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DIY Poetry Publishing Cooperative

May 12, 2007

"Don't Call It a Vanity Press"

Time Magazine's got an article up on digital printing services like Blurb and Lulu. [via Jilly Dybka]
Self-publishing, the only real success story in an otherwise depressed industry, is booming, thanks to the Internet, digital cameras and more sophisticated digital printing. It's also gaining respect. No longer dismissed as vanity presses, DIY publishing is discovering a niche market of customers seeking high-quality books for limited distribution.

Read the rest.

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  • "high-quality books for limited distribution" is a good way to put it. poetry is such a niche market, it seems more fiscally and environmentally responsible to use POD. if only the "high-quality" were a little higher, POD would surely take over as the preferred mode of publishing for us.

    By Blogger Jessica Smith, at 12:09 AM  

  • but i don't know how you can't call self-publishing a vanity press since yre publishing yr own work.

    like many small presses i used ferlinghetti's pocket poet series as my model at the beginning. boog's co-founder and i opened a copy of pictures of the gone world to see how we should make our books--ok, first page of ferlinghetti's guts is a title page, so we made a title page, next is a copyright page, so we did that, too, aping him throughout.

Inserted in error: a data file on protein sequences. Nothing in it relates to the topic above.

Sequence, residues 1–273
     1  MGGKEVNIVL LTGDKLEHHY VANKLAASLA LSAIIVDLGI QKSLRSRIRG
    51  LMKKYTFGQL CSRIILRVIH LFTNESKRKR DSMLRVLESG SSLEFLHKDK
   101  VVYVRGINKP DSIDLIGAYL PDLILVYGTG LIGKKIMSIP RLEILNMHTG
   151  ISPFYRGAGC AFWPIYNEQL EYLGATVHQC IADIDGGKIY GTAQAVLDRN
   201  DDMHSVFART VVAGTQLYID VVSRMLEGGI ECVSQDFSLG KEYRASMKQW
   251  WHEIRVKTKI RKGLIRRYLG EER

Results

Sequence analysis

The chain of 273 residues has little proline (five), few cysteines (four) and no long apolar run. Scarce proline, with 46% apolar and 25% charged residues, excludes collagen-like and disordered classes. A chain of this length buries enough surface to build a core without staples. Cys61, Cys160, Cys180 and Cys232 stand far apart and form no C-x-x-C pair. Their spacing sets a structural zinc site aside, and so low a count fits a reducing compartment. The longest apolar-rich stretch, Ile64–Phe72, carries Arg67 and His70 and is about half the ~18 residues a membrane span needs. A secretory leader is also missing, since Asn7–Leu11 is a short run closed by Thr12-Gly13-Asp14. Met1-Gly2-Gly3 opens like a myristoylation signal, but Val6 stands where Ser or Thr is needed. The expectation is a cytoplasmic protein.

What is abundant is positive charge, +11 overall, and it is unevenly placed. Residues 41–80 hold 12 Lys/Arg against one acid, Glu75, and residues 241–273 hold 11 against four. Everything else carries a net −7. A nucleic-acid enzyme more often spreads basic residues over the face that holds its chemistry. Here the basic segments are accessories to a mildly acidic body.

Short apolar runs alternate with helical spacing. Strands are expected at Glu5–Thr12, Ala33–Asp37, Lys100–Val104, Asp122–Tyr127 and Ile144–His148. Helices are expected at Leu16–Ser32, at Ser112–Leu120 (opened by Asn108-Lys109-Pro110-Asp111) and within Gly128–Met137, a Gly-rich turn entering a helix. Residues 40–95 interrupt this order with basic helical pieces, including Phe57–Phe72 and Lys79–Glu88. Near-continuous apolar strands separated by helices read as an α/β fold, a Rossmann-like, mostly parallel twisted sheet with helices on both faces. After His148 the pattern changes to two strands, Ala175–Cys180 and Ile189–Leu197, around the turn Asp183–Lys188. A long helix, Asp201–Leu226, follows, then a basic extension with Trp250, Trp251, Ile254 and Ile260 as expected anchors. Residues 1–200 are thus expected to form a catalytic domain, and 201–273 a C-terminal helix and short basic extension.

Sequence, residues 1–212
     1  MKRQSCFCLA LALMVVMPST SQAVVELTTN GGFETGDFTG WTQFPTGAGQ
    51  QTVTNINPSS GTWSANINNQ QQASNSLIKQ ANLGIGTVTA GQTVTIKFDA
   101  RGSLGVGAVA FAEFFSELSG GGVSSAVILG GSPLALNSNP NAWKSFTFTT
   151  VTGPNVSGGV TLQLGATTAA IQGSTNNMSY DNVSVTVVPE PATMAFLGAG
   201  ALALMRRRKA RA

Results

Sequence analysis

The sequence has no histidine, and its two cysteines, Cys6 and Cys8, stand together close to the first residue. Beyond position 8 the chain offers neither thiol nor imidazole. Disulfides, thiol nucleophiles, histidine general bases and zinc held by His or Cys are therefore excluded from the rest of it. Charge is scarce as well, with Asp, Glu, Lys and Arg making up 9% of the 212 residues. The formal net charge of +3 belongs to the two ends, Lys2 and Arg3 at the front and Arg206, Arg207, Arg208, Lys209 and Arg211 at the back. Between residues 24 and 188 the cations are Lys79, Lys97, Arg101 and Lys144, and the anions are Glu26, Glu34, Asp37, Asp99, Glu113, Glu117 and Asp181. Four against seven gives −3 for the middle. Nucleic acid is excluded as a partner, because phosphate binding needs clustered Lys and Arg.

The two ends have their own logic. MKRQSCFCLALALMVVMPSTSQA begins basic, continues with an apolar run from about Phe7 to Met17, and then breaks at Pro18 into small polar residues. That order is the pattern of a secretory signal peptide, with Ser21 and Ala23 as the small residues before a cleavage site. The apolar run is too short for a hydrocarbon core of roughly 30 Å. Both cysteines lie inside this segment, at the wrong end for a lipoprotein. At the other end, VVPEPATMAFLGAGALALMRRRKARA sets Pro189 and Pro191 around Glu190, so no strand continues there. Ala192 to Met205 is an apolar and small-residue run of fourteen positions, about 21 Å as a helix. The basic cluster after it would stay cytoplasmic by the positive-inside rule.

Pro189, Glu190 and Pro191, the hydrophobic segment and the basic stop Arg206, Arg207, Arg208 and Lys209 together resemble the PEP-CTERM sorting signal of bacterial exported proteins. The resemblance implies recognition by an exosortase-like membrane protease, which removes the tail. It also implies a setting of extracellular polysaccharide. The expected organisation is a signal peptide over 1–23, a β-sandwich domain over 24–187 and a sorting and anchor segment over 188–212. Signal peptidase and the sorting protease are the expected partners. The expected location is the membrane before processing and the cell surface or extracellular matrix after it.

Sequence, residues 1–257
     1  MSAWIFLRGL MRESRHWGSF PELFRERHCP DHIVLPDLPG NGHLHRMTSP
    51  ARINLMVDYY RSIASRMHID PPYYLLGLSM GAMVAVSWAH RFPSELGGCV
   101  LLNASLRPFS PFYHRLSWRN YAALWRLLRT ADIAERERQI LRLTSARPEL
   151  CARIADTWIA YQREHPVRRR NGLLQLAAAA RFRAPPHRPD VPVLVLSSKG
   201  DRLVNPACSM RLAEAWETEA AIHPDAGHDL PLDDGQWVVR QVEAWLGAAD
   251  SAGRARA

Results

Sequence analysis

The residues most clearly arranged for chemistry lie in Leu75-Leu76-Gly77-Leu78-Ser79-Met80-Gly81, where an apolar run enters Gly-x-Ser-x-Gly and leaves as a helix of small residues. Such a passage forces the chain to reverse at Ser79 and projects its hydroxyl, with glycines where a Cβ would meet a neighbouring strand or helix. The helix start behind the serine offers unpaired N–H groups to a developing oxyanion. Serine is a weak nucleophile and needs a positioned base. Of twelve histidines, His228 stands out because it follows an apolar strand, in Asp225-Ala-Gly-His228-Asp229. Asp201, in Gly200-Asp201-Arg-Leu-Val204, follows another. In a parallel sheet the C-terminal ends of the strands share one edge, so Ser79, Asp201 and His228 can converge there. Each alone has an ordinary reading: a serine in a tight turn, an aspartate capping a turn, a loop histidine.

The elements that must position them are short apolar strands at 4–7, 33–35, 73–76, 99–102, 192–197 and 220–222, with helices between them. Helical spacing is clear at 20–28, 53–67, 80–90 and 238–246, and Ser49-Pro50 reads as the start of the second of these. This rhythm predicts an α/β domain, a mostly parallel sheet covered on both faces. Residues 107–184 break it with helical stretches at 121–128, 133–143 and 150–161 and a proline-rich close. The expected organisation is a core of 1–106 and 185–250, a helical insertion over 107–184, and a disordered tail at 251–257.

and like ferlinghetti started his press with his own work, so did we, making a flipbook of our own work as boog literature #1. that was the last chapbook of my work that boog has published.

    when i decided i wanted to self-publish chaps of my own work i started a non-boog offshoot--euclid avenue, which became 213 euclid avenue, named to honor my mother, born on february 13; henry rollins, also born that day, and whose 2.13.61 gets the word out well and quickly, especially his own; and d.a. levy, who did much of his great work on euclid avenue in cleveland.

    and so every featured reading of my own work that i have done for the past seven years i have made a chapbook of all the work i read that night, in the order i read it. (i have a flipbook i'm preparing now for my wed. june 6 poproj rdg with buck downs.)

    so 213 euclid avenue is self-publishing and diy, boog city is just diy.

    By Blogger Boog City Events, at 6:16 AM  

  • hi DAK,

    self-publishing rocks, as you know. i think every poet should do it at least sometimes, depending on their technical skills and the nature of the project. go boog!